Monday, 26 May 2014

Another war game world

I am indebted to John H for his flagging up this YouTube video to me.

It is from a Russian TV programme dubbed into English. At about 7 minutes 25 seconds it goes into an item about the toy soldier collection and war game of Boris Popov and his son Rudik. This revolved around a fictitious country called Elyria (I am not sure of the spelling). Boris Popov was an artist and started a Chronicle of the country in 1912, recording the major battles fought out with his brother and sister. It was illustrated by its author and the Chronicle itself and some sample pages can be seen in the YouTube item.

John was struck by the similarities with the Keefs and Georland. True, it dates from some 50 years later, and the figures in the collection were flats, not demirondes. As artists the Popovs also made a large number of buildings. Many of these were lost as the family was forced to move around in Russia, but Rudik Popov has recreated many of these.

Another difference with Georland is that the rules of the family wargame survive, and a game is show in progress. Moves are measured with dividers, missile fire is by nails fired from cannon, and hand to hand combat resolved by six sided dice.

Thanks very much to John for this find. It has many parallels with Georland as well as interesting differences. It makes you wonder how many more similar collections and set ups are out there waiting to be discovered.


Will McNally said...

Interesting find

Robert (Bob) Cordery said...

How very interesting!

I have visited St Petersburg but managed to miss seeing the collection and/or display at the Hermitage ... which would gave been the highlight of my visit.

I thought that the section of the video about the Popovs and their imagi-nations was inspiring, and the quality of their modelling was outstanding. What a pity that the war diary is not available in English, as I am sure that it would have been a joy to read.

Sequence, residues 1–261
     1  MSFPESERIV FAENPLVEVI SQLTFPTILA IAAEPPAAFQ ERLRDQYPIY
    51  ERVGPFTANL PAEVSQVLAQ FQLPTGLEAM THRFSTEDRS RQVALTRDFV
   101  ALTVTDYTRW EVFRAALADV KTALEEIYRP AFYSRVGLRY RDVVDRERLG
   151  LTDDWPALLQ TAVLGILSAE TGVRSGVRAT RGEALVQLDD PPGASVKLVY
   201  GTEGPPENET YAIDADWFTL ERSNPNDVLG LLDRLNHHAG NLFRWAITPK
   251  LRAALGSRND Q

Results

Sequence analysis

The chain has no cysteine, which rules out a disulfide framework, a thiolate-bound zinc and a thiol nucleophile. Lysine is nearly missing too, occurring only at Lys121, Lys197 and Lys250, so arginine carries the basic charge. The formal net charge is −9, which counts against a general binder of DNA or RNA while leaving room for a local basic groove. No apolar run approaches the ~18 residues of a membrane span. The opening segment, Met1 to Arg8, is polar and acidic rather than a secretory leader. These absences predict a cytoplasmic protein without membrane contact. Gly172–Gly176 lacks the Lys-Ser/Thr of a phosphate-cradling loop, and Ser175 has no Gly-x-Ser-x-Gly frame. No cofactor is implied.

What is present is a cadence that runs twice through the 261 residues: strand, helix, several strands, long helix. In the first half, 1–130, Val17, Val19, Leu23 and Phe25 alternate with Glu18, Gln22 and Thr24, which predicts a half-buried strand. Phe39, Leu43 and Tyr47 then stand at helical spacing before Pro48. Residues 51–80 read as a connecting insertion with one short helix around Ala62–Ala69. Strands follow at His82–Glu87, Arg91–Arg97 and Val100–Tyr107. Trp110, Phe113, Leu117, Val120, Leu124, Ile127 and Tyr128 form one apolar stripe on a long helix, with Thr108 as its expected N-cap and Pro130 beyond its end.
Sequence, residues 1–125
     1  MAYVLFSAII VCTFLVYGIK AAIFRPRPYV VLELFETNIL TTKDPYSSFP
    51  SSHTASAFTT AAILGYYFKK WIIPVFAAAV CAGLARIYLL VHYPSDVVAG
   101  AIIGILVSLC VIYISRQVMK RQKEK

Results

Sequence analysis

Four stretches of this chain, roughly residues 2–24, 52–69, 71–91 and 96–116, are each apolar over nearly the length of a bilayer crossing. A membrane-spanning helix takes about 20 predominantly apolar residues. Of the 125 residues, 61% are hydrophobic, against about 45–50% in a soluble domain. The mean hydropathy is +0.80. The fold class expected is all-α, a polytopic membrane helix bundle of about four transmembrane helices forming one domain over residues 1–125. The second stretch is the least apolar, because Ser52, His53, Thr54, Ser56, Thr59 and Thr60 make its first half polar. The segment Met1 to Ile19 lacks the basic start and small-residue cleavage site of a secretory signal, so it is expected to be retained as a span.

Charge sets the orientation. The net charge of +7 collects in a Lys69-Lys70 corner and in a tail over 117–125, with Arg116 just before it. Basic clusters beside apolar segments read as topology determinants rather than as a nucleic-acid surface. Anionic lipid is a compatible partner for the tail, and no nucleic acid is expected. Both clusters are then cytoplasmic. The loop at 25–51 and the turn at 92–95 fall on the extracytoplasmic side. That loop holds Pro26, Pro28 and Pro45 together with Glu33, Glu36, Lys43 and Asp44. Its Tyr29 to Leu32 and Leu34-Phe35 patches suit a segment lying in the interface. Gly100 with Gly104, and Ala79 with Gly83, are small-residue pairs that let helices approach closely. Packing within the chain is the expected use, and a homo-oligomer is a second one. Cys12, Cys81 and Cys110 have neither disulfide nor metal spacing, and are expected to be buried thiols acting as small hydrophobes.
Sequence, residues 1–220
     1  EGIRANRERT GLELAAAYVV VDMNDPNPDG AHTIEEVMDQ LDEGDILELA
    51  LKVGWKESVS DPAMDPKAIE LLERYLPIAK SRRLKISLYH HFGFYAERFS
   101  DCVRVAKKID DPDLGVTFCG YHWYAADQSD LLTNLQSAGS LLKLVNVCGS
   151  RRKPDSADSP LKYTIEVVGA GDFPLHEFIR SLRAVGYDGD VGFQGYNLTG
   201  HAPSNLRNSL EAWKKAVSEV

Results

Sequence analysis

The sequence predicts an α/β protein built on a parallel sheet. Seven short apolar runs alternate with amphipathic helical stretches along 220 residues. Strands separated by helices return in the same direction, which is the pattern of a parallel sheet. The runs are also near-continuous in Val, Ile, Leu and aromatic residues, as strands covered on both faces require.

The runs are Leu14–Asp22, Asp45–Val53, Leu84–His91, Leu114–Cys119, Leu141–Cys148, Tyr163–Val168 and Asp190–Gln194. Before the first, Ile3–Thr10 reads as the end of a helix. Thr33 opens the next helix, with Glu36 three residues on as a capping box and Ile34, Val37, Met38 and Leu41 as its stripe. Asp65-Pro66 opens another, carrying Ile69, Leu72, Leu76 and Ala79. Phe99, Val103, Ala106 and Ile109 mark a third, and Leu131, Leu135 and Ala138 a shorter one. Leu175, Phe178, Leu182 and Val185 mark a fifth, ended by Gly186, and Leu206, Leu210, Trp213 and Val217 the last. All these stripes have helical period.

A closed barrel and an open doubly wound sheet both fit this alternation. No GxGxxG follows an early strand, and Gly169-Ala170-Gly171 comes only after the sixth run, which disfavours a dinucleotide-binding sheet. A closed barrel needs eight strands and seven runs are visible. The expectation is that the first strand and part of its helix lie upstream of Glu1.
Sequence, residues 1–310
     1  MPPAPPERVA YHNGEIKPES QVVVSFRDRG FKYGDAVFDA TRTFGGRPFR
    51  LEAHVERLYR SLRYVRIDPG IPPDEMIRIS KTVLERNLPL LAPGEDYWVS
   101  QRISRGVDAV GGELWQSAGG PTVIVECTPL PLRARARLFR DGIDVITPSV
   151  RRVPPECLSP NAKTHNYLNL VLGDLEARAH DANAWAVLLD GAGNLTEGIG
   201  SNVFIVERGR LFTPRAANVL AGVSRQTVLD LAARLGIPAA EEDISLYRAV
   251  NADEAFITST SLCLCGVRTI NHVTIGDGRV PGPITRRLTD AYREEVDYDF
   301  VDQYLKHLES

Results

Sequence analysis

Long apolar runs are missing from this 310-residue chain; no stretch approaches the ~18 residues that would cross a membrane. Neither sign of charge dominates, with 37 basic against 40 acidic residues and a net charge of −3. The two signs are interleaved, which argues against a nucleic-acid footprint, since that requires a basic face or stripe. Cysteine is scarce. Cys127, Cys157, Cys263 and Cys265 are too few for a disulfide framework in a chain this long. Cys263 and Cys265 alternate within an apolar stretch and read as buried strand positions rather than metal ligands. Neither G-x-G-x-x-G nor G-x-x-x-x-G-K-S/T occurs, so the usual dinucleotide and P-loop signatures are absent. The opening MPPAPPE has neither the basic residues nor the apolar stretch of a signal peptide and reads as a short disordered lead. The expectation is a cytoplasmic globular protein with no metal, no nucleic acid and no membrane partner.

The rules were an interesting parallel with those used by H G Wells, and although I would not want to fire nails at my figures, I can see why the Popovs did.

Many thanks for sharing this with us.

All the best,


MSFoy said...

Fantastic - thanks very much Clive - that got my Bank Holiday off to a very enjoyable start. Most astonishing is that the armies survived at all - definitely a hobby for the bourgeoisie.

I'm going to watch it again now.

Colin said...

Excellent find!

Mark Hargreaves said...

I have just nominated this blog for a Leibster Award on behalf of all of us of a certain age!

Vintage Wargaming said...

Hi Mark

That's kind of you but:

I don't think I am eligible (too many followers); and

I tend not to do these awards (Stylish Blogger etc)

But as I say thank you for thinking of it.


Евгений Красюков said...

I have a book "Ship and soldier" by Rurik Popov. It is his war games rules, land and naval, very simple and fun. I think, that they are same ages as "Little wars". I am was very young (1988), then my mother buy this book for me, but I make wooden ship and try to make tin soldiers. Now I have only e-copy of this book, if you wish I can send it by email. But books on Russian.

Vintage Wargaming said...

I would be interested to see it. I don't read Russian but I know people who do. If you post a comment (which I won't publish) with your email I will contact you. With thanks